“And then I heard them coming through the mangroves, and an oar strike on a gunwale, and Miss Lackland laugh, and I knew everything was all right. We pulled on board without a shot being fired. And, by God! she had made the books come true, for there was old Kina-Kina himself being hoisted over the rail, shivering and chattering like an ape. The rest was easy. Kina-Kina’s word was law, and he was scared to death. And we kept him on board issuing proclamations all the time we were in Poonga-Poonga.
“It was a good move, too, in other ways. She made Kina-Kina order his people to return all the gear they’d stripped from the Martha. And back it came, day after day, steering compasses, blocks and tackles, sails, coils of rope, medicine chests, ensigns, signal flags—everything, in fact, except the trade goods and supplies which had already been kai-kai’d. Of course, she gave them a few sticks of tobacco to keep them in good humour.”
“Sure she did,” Sparrowhawk broke forth. “She gave the beggars five fathoms of calico for the big mainsail, two sticks of tobacco for the chronometer, and a sheath-knife worth elevenpence ha’penny for a hundred fathoms of brand new five-inch manila. She got old Kina-Kina with that strong hand on the go off, and she kept him going all the time. She—here she comes now.”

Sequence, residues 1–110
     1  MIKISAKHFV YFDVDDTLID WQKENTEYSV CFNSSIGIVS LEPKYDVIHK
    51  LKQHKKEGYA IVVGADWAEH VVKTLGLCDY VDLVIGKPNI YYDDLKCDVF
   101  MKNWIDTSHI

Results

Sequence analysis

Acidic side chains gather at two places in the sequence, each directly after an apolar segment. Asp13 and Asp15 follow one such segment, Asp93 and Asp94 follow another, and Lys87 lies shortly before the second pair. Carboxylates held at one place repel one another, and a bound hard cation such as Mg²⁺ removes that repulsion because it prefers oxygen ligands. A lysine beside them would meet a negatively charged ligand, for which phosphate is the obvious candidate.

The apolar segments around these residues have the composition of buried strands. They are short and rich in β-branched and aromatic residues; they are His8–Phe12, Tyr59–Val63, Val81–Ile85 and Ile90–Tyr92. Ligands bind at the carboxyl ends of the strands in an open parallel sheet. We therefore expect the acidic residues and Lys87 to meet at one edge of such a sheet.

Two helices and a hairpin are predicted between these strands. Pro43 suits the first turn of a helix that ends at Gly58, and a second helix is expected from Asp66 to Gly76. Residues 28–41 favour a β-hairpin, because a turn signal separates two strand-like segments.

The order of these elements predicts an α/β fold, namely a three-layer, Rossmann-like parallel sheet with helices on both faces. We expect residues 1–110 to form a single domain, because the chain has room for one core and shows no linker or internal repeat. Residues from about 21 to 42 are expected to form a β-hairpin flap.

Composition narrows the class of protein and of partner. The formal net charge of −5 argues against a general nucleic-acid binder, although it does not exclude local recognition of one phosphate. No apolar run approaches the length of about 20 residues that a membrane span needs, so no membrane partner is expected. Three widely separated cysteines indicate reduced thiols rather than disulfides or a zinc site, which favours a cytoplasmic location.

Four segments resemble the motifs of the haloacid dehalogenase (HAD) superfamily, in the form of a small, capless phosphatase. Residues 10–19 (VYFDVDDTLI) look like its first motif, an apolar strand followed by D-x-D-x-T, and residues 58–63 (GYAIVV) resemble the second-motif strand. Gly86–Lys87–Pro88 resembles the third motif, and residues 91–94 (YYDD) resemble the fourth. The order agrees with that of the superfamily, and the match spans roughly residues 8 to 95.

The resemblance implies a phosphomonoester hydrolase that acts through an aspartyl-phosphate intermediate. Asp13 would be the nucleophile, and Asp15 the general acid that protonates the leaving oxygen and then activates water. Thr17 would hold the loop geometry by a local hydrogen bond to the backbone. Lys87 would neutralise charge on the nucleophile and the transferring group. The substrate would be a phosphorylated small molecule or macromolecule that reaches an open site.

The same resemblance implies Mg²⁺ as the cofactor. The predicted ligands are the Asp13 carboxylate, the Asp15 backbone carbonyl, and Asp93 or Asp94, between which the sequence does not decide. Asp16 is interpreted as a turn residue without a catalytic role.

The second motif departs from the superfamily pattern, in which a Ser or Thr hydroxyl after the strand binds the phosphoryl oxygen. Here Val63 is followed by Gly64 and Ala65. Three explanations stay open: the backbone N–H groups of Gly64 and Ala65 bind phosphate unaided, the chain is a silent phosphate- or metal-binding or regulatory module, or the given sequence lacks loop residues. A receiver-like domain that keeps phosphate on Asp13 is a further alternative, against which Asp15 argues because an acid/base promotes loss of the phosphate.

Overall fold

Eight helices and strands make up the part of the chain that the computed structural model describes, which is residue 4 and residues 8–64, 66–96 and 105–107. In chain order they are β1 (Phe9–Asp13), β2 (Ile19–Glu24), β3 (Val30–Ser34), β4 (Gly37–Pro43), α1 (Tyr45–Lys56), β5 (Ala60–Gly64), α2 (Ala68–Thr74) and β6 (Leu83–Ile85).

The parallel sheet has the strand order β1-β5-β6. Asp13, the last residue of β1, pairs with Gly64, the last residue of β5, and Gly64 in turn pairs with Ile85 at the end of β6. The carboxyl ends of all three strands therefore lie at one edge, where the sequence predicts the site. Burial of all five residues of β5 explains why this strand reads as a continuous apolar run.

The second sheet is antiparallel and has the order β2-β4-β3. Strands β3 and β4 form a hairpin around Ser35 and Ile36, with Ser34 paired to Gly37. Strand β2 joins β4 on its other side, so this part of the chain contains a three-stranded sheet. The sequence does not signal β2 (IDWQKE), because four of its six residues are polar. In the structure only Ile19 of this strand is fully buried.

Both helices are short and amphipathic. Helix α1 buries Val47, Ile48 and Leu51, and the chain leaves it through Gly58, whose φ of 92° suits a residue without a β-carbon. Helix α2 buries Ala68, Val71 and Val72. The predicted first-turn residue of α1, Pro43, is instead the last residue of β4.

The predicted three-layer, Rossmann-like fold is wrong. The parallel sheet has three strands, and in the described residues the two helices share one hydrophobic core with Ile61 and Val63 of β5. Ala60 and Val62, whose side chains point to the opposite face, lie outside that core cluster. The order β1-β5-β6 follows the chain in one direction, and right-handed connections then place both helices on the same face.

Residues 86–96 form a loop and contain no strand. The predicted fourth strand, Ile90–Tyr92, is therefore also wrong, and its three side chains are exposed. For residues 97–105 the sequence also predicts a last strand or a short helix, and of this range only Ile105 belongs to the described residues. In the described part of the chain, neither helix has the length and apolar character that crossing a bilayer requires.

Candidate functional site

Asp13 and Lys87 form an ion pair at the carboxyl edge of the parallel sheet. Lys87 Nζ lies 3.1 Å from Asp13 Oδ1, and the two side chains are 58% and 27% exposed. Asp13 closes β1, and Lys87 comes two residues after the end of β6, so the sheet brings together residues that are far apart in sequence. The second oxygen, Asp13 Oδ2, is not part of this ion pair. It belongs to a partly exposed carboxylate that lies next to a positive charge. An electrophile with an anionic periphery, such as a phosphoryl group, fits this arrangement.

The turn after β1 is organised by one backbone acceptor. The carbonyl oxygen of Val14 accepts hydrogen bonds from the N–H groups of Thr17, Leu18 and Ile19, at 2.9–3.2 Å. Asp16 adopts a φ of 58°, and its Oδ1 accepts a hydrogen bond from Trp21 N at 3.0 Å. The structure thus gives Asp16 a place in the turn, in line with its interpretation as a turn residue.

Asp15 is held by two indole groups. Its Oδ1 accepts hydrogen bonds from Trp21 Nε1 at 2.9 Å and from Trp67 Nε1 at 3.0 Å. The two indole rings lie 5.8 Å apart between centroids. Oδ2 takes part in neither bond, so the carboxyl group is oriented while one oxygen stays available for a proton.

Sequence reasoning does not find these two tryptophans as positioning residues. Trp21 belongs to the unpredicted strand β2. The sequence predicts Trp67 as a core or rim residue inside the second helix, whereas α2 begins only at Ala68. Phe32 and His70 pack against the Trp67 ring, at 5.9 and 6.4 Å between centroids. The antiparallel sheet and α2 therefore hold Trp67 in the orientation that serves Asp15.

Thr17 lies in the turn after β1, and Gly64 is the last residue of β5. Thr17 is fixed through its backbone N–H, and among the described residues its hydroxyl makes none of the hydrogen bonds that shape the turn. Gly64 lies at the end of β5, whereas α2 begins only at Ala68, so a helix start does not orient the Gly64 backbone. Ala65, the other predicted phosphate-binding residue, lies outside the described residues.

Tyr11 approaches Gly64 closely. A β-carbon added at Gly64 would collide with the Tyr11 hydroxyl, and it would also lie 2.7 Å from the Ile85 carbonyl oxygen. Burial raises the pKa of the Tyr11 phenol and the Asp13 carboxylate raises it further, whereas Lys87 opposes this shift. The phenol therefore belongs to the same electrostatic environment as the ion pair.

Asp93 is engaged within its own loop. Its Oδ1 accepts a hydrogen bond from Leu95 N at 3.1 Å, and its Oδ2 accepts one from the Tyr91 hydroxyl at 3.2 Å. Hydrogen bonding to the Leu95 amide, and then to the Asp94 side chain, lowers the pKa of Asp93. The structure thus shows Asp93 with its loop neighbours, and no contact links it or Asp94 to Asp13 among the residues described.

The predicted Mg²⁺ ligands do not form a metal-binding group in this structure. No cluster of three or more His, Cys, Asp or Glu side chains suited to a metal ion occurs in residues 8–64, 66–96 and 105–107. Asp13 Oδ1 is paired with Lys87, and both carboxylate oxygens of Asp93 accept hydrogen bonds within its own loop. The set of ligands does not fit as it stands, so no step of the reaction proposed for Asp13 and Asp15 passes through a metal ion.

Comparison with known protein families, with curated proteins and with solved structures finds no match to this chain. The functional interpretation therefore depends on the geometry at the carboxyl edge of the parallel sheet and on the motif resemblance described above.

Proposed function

It was with a shock of surprise that Sheldon greeted her appearance. All the time, while the tale of happening at Poonga-Poonga had been going on, he had pictured her as the woman he had always known, clad roughly, skirt made out of window-curtain stuff, an undersized man’s shirt for a blouse, straw sandals for foot covering, with the Stetson hat and the eternal revolver completing her costume. The ready-made clothes from Sydney had transformed her. A simple skirt and shirt-waist of some sort of wash-goods set off her trim figure with a hint of elegant womanhood that was new to him. Brown slippers peeped out as she crossed the compound, and he once caught a glimpse to the ankle of brown open-work stockings. Somehow, she had been made many times the woman by these mere extraneous trappings; and in his mind these wild Arabian Nights adventures of hers seemed thrice as wonderful.
As they went in to breakfast he became aware that Munster and Sparrowhawk had received a similar shock. All their air of camaraderie was dissipated, and they had become abruptly and immensely respectful.
“I’ve opened up a new field,” she said, as she began pouring the coffee. “Old Kina-Kina will never forget me, I’m sure, and I can recruit there whenever I want. I saw Morgan at Guvutu. He’s willing to contract for a thousand boys at forty shillings per head. Did I tell you that I’d taken out a recruiting license for the Martha? I did, and the Martha can sign eighty boys every trip.”
Sheldon smiled a trifle bitterly to himself. The wonderful woman who had tripped across the compound in her Sydney clothes was gone, and he was listening to the boy come back again.